Hers was the religion of flower and tree, beetle, bird and dew. In every raindrop she saw the smile of the Goddess, in the curve of every branch, the arms of the Mother.
Barefoot, she wandered through the forest, rejoicing in the feel of moss and twig underfoot. Hers were the old ways, lessons learned when the world was young and still learning itself.
The earth sang and thrummed beneath her feet, the wet and the glory filled with a buzzing life, an energy that could be found in the curl of every leaf, a wholeness in every pebble, every rock; the sometimes wildness and cruelty tempered by the knowledge of a never-ending cycle of life and renewal.
She saw the birds hatch their young and the wild cats nurse their kits, hidden away in dens. She witnessed death, brought by swift fang and slashing claw and accepted it as part of the Mother’s ever-turning wheel; watching as remains turned to bones and scraps, carried away by worms, to be returned to the warm wet earth.
She lived in harmony, balance, showing them how to take no more than they needed, always giving thanks and gratitude and love to the Mother.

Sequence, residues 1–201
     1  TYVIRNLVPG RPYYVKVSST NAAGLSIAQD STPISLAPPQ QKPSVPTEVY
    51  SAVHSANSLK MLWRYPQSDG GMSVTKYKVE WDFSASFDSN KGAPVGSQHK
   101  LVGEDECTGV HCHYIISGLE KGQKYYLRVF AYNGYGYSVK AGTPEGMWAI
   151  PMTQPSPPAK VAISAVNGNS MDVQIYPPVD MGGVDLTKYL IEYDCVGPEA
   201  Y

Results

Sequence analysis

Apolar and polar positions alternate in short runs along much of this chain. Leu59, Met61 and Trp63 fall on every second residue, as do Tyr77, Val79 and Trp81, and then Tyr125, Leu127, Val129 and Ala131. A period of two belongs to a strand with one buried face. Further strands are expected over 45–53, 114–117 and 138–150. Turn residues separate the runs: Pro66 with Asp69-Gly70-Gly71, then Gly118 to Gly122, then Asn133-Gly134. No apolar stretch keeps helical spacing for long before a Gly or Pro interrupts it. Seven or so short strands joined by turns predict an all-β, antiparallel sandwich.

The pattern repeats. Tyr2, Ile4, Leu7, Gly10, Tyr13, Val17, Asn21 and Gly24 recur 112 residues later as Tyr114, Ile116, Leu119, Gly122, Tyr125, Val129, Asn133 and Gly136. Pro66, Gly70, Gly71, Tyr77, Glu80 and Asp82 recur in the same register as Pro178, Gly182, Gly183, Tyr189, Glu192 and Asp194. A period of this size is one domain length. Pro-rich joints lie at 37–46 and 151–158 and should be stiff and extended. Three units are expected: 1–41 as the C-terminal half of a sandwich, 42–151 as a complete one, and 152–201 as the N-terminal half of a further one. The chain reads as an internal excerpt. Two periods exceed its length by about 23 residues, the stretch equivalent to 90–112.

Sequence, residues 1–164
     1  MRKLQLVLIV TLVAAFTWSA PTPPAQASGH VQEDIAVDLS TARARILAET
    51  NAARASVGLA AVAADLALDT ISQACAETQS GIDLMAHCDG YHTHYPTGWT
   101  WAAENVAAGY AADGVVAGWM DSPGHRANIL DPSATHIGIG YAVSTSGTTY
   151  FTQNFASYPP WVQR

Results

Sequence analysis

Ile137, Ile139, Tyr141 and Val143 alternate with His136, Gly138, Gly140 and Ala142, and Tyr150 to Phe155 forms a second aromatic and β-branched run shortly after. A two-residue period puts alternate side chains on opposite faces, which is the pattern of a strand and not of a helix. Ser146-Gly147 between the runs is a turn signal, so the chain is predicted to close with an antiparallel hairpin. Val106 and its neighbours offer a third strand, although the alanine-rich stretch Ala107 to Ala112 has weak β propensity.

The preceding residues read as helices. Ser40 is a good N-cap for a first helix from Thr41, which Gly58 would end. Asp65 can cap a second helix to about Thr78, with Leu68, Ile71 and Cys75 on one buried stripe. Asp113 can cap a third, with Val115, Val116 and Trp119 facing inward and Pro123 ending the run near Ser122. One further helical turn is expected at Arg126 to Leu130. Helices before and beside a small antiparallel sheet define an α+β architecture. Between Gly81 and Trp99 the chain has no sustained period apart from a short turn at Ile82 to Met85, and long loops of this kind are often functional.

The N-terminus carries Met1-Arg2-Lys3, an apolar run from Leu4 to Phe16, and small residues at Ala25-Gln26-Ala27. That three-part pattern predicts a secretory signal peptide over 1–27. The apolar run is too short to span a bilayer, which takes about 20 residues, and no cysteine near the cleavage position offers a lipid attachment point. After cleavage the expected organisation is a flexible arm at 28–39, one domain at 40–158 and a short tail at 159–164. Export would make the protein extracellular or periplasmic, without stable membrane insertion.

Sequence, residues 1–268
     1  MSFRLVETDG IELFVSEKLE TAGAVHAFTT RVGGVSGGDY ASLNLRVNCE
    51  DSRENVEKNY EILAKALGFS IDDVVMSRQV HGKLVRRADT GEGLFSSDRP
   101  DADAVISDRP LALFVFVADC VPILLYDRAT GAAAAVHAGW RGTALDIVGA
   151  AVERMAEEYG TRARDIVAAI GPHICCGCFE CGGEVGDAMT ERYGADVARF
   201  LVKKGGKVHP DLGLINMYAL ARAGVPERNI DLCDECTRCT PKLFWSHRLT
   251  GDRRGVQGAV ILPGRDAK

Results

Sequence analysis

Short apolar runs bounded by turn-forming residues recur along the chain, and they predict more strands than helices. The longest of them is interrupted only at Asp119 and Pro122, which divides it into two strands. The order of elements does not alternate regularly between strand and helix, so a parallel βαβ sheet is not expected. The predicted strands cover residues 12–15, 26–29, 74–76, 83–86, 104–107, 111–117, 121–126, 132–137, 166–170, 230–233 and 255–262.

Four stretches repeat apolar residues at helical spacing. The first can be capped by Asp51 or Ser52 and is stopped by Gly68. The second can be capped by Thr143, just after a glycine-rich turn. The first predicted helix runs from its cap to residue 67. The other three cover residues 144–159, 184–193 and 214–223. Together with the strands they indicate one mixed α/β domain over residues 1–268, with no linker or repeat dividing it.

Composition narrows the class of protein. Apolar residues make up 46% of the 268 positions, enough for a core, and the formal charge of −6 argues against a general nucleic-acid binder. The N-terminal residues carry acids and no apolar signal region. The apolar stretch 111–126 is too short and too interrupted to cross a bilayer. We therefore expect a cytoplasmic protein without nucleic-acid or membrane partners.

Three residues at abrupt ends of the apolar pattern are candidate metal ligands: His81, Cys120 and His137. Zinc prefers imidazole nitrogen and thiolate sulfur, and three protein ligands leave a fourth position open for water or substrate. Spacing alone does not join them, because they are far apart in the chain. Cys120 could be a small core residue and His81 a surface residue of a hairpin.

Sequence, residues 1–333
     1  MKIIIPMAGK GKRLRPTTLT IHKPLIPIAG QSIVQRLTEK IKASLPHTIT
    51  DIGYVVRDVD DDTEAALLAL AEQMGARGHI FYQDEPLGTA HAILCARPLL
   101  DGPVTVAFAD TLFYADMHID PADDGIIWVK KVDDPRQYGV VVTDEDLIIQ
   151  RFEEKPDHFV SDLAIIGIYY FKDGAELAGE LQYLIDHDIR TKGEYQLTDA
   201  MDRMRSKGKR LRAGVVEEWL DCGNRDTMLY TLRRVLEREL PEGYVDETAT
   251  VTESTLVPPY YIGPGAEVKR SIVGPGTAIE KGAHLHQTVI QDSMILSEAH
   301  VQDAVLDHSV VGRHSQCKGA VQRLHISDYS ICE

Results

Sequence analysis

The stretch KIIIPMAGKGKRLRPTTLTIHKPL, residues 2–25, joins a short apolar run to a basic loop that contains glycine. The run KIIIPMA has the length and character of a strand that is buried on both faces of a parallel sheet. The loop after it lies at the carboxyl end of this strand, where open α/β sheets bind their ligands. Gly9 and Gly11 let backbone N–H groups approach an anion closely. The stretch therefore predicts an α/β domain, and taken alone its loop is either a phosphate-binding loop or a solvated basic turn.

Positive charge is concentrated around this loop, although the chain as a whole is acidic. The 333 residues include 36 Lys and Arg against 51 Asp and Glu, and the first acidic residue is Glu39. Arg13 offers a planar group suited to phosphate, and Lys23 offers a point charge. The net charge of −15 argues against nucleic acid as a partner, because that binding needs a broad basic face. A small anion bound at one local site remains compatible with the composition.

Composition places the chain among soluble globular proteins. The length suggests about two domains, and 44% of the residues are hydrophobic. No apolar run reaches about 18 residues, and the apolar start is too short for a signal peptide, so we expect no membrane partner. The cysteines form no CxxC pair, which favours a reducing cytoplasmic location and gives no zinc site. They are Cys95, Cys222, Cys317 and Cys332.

Then others came.
From far away, they came with crushing foot and rending hand, ripping and tearing the very heart from the land she loved, the trees she cared for. They came, bringing strange bright gods from hot dusty lands, gods that conquered and devoured.
She watched and wept as they cut down the trees, chained her land in stone and iron. People fled, animals died, and there was no renewal, no honour.
Exhausted, depleted, afraid and angry, she fled, deeper into the wild places where the savage side still dwelt. Finally she found what she was looking for, a rent, a natural cleft in the wet red earth.
She crawled inside, deeper and deeper, till the blood pounded in her ears, her head sang and the arms of the Mother enfolded her in the warm red earth. She closed her eyes and waited.
Waited to be reborn.